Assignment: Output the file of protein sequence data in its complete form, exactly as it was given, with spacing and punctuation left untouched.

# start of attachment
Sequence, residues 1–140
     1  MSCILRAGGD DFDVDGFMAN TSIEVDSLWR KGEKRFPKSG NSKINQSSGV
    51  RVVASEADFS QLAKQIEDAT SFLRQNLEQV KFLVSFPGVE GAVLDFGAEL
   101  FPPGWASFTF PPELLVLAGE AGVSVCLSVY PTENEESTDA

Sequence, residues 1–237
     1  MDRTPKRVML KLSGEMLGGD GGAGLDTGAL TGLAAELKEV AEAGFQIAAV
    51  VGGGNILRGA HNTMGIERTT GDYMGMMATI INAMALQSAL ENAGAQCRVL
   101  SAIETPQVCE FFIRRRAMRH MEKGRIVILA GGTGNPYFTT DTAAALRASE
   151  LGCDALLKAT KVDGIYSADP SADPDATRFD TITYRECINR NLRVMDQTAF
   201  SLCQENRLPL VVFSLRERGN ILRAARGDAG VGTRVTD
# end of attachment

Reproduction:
Sequence, residues 1–140
     1  MSCILRAGGD DFDVDGFMAN TSIEVDSLWR KGEKRFPKSG NSKINQSSGV
    51  RVVASEADFS QLAKQIEDAT SFLRQNLEQV KFLVSFPGVE GAVLDFGAEL
   101  FPPGWASFTF PPELLVLAGE AGVSVCLSVY PTENEESTDA

Sequence, residues 1–237
     1  MDRTPKRVML KLSGEMLGGD GGAGLDTGAL TGLAAELKEV AEAGFQIAAV
    51  VGGGNILRGA HNTMGIERTT GDYMGMMATI INAMALQSAL ENAGAQCRVL
   101  SAIETPQVCE FFIRRRAMRH MEKGRIVILA GGTGNPYFTT DTAAALRASE
   151  LGCDALLKAT KVDGIYSADP SADPDATRFD TITYRECINR NLRVMDQTAF
   201  SLCQENRLPL VVFSLRERGN ILRAARGDAG VGTRVTD